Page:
The author who said, “estamos bien en el refugio los 33” has registered a copyright on the phrase.
So what, you ask?
That phrase, written in red ink, announced to the world that the trapped Chilean miners were alive and well down there in the broken mine.
That copyright registration has some pretty interesting ramifications.
First, it’s a very (very) short work of authorship; in the USA, one sentence very, very rarely, if ever, qualifies for copyright registration. Senor Ojeda registering his sentence, it seems to me, is something like Capt. James Lovell registering “Houston, we have a problem.” Are we seeing a muddling building between copyright and trademark?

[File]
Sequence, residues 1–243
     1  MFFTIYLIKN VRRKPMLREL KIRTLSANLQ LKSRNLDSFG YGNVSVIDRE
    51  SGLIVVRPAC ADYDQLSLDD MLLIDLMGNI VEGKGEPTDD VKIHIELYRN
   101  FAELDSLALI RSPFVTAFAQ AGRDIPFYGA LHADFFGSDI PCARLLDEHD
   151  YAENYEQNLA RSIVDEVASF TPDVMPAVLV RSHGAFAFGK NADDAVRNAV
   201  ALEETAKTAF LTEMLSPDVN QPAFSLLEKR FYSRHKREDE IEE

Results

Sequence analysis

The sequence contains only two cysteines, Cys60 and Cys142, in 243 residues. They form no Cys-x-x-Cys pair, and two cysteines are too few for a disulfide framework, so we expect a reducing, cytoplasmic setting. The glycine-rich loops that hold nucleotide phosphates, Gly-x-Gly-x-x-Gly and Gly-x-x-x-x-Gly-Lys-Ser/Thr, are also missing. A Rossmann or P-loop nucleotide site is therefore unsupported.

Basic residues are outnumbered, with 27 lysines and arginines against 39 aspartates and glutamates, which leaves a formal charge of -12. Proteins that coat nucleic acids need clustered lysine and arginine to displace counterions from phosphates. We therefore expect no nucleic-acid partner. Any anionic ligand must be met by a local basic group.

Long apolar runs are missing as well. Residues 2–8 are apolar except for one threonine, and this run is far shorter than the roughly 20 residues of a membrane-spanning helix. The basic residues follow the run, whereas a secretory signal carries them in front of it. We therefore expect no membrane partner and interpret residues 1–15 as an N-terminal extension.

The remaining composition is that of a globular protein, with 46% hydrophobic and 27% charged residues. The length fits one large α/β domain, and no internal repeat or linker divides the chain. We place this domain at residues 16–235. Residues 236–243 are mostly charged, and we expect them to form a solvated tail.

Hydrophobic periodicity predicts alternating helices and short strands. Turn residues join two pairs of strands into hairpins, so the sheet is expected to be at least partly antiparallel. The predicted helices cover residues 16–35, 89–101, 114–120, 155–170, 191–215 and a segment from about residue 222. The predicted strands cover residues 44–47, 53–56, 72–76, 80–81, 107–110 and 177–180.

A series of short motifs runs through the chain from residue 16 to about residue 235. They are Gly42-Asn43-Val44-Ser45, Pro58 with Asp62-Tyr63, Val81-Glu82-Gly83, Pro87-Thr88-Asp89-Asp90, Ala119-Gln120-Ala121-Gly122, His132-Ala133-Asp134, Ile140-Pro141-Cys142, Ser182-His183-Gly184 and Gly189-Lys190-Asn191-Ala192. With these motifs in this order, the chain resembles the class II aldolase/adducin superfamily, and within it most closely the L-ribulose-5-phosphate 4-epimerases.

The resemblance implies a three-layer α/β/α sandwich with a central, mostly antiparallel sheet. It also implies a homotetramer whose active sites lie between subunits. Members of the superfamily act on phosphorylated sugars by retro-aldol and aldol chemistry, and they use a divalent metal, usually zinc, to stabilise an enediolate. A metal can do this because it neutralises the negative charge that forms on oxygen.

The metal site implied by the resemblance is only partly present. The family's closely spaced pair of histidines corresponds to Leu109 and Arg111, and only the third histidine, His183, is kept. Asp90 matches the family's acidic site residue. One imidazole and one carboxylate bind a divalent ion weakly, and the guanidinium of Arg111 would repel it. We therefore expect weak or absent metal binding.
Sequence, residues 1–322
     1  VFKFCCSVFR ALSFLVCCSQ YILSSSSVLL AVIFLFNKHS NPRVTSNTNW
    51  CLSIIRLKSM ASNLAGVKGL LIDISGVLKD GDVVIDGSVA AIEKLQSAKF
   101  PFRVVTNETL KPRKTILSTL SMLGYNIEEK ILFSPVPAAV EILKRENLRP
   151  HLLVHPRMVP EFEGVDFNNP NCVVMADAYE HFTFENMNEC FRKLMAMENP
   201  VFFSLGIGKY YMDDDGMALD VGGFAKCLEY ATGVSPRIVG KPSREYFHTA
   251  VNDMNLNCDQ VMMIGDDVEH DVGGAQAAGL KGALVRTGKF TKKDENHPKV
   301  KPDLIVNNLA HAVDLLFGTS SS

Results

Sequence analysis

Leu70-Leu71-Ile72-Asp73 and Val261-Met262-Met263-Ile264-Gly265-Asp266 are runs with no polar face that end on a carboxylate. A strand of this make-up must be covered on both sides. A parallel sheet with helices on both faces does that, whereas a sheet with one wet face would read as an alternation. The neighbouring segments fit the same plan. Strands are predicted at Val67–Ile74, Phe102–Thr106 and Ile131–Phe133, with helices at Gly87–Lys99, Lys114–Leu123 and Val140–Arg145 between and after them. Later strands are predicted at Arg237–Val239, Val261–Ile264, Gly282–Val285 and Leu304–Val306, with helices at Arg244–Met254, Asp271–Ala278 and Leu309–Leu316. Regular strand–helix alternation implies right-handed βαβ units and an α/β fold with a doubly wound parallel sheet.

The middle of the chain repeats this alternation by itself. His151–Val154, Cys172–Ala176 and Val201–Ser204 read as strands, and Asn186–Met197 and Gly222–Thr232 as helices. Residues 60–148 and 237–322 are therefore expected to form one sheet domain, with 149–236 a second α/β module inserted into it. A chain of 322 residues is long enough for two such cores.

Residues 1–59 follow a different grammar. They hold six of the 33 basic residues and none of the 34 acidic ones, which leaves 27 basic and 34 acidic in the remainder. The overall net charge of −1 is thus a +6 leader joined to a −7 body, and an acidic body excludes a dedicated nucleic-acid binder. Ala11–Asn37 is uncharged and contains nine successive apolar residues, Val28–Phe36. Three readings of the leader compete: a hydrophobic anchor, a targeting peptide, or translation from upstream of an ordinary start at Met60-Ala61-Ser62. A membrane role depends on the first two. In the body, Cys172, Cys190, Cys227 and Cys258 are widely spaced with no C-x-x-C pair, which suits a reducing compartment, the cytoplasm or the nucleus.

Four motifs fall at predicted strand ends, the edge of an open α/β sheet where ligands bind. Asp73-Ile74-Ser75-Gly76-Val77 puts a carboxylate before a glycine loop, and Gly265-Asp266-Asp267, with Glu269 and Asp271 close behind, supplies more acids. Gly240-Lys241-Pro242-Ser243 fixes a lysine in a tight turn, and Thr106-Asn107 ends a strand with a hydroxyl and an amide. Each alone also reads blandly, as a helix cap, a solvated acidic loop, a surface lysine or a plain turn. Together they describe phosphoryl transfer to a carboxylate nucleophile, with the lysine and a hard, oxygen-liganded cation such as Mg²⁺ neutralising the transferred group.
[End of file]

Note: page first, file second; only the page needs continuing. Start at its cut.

Second, you know there will be movies made about this incident. If the copyright on the note is registered, the moviemakers will have to pay a chunk of money to license the use of the text for their movies, at least for those movies distributed in Chile. If an “author” can register copyright on essentially a tagline, it looks like Chile might be redefining the concept of “authorship.” After all, how much creative thought goes into the statement of the fact that all 33 miners are safe in the mine?
What does the registration of what is essentially a tagline under copyright bode for the future of copyright?